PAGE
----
Former High Court judge Sir Paul Coleridge, who is the charity's founder, said it is necessary for these laws to be changed.
Speaking during Premier News Hour, he said: "There is no serious family lawyer now in England now who would advocate the retention of the present system.
"It's a sham and it's a joke and it does harm to couples at a very difficult time in their lives when they're going through separation.
"I'm a Christian myself, and the reality is, whether we like it or not... some relationships don't work and I set up Marriage Foundation obviously in order to preserve marriage.
"The last thing that I want to do is see any system brought in that will make it easier for people to get divorced.
"There are a number of people who can't make it work and it's no good the state locking them together and then refusing to allow them to separate in a sensible and civilised way - it simply makes matters worse."
His comments follow a report published two weeks ago by the Nuffield Foundation, which condemned divorce laws in England and Wales for forcing couples to have to allege fault or blame.
A majority of divorce petitions in England and Wales still rely on allegations of fault.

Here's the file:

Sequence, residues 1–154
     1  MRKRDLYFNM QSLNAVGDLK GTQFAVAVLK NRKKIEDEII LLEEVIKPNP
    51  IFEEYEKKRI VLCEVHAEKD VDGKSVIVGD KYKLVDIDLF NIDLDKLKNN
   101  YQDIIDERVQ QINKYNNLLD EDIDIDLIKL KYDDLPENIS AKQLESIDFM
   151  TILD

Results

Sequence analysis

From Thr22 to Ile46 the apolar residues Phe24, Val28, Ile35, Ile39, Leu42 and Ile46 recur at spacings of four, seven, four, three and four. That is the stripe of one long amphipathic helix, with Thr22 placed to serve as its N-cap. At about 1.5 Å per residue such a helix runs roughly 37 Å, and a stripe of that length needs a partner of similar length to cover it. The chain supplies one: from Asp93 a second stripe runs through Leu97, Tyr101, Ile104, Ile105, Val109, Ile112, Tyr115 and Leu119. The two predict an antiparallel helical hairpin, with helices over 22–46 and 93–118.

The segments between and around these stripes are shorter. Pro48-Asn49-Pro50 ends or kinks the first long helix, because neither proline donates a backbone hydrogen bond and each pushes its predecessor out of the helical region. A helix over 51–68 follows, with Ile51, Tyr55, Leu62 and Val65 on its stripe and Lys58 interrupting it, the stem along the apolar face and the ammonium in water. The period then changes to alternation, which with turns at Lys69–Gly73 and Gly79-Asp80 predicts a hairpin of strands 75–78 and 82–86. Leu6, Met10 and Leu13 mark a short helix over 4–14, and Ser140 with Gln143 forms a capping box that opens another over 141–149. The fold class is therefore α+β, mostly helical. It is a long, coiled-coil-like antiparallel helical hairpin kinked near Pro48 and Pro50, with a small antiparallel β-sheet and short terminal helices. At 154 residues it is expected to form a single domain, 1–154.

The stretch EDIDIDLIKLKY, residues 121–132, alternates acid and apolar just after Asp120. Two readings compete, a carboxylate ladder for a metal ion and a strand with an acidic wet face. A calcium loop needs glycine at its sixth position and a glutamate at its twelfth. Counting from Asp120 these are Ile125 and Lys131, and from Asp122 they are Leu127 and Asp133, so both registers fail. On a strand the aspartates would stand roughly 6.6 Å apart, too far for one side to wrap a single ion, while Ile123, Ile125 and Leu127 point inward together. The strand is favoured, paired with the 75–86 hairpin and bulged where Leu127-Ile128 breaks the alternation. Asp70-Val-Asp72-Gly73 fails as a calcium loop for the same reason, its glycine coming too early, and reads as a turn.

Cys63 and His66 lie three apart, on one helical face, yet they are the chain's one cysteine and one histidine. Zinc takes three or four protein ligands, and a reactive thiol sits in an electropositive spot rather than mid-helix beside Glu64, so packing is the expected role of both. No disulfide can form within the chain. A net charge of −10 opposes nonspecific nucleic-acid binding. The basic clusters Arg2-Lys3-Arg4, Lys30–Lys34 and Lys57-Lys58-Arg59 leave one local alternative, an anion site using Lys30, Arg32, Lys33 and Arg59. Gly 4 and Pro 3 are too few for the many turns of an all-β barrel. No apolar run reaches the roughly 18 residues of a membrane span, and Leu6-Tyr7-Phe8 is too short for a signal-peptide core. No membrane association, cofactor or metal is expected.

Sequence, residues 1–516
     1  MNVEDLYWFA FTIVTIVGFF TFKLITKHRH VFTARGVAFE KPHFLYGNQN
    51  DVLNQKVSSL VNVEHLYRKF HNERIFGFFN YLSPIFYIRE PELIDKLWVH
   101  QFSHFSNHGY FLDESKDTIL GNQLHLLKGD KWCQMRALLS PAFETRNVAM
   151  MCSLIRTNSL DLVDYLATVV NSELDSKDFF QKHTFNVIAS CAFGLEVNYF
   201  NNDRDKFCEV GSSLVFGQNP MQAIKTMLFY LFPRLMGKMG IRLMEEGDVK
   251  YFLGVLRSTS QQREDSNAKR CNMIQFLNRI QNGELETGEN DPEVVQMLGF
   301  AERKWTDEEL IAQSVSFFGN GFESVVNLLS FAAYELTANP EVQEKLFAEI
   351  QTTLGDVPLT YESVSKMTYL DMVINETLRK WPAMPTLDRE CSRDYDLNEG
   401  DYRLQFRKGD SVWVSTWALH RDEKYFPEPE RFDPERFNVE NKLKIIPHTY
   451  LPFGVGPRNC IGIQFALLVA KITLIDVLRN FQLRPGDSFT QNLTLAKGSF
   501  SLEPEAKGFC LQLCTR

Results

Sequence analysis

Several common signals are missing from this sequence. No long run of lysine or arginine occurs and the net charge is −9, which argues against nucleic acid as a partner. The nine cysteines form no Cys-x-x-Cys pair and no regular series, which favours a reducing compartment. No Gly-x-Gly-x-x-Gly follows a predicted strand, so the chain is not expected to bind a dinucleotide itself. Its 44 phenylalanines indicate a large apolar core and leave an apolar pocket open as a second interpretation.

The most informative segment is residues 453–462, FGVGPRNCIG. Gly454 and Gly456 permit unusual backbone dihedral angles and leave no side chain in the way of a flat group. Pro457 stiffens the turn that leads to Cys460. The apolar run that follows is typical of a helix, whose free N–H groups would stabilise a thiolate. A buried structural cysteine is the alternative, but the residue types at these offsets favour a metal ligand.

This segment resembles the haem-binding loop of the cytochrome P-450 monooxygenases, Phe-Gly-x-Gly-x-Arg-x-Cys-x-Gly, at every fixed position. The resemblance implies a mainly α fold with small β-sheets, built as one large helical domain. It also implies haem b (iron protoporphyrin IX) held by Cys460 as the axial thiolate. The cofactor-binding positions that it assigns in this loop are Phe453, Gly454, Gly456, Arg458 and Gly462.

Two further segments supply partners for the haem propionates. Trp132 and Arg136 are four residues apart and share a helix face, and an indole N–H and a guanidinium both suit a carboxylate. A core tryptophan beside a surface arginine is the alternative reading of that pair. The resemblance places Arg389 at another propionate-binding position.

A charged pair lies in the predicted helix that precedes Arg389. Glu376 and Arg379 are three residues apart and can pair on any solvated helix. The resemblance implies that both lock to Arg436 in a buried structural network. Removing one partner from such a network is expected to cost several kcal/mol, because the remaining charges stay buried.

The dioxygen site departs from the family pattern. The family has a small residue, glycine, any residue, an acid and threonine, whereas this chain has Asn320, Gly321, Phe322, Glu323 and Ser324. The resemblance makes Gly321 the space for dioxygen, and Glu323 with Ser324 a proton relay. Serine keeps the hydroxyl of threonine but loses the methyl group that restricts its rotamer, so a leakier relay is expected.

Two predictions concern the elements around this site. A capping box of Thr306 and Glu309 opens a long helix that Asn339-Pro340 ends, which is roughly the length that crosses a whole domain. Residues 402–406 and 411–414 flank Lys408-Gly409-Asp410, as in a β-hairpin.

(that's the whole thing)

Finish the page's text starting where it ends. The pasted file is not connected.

In 1990 a Law Commission report set out six problems with fault-based divorce, including that the law was confusing and misleading, discriminatory and unjust, distorted bargaining positions, provoked unnecessary hostility, and made things worse for children by exacerbating parental conflict whilst at the same time doing nothing to save marriages.
As a result, parliament went on to pass a no-fault divorce regime with the Family Law Act 1996, but logistical challenges meant that this was never implemented.
Senior judicial figures such as Lord Mackay of Clashfern and Baroness Butler-Sloss, the president of the High court family division have also added their voice to fresh calls for divorce laws in England and Wales to be changed.
Sir Coleridge told Premier changing the 50-year-old laws was "long overdue".
He added: "It bears no relation to the way in which couples now live their lives or the way in which we now understand relationships come together and then brake down.
"It needs a complete overhaul."
Listen to Sir Paul Coleridge speaking with Premier's Tola Mbakwe: